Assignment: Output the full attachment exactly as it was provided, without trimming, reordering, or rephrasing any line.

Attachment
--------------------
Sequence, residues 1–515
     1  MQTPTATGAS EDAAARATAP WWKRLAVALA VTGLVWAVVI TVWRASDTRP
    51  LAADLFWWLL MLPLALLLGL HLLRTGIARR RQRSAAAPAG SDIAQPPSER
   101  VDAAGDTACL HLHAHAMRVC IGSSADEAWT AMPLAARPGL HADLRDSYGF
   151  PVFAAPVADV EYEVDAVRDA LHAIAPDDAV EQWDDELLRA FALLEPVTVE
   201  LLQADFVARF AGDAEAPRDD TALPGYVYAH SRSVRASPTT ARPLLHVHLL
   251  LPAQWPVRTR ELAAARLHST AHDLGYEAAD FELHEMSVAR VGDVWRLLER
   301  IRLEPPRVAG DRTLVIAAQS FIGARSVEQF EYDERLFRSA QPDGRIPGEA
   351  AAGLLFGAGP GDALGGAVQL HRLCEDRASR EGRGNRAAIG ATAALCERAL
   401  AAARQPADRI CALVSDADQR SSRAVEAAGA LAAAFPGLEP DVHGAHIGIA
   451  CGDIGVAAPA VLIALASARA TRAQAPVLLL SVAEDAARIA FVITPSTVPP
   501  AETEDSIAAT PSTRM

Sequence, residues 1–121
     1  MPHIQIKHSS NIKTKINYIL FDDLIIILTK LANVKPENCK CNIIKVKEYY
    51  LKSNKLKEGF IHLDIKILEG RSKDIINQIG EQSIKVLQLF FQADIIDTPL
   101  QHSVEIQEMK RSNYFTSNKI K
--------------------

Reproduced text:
Sequence, residues 1–515
     1  MQTPTATGAS EDAAARATAP WWKRLAVALA VTGLVWAVVI TVWRASDTRP
    51  LAADLFWWLL MLPLALLLGL HLLRTGIARR RQRSAAAPAG SDIAQPPSER
   101  VDAAGDTACL HLHAHAMRVC IGSSADEAWT AMPLAARPGL HADLRDSYGF
   151  PVFAAPVADV EYEVDAVRDA LHAIAPDDAV EQWDDELLRA FALLEPVTVE
   201  LLQADFVARF AGDAEAPRDD TALPGYVYAH SRSVRASPTT ARPLLHVHLL
   251  LPAQWPVRTR ELAAARLHST AHDLGYEAAD FELHEMSVAR VGDVWRLLER
   301  IRLEPPRVAG DRTLVIAAQS FIGARSVEQF EYDERLFRSA QPDGRIPGEA
   351  AAGLLFGAGP GDALGGAVQL HRLCEDRASR EGRGNRAAIG ATAALCERAL
   401  AAARQPADRI CALVSDADQR SSRAVEAAGA LAAAFPGLEP DVHGAHIGIA
   451  CGDIGVAAPA VLIALASARA TRAQAPVLLL SVAEDAARIA FVITPSTVPP
   501  AETEDSIAAT PSTRM

Sequence, residues 1–121
     1  MPHIQIKHSS NIKTKINYIL FDDLIIILTK LANVKPENCK CNIIKVKEYY
    51  LKSNKLKEGF IHLDIKILEG RSKDIINQIG EQSIKVLQLF FQADIIDTPL
   101  QHSVEIQEMK RSNYFTSNKI K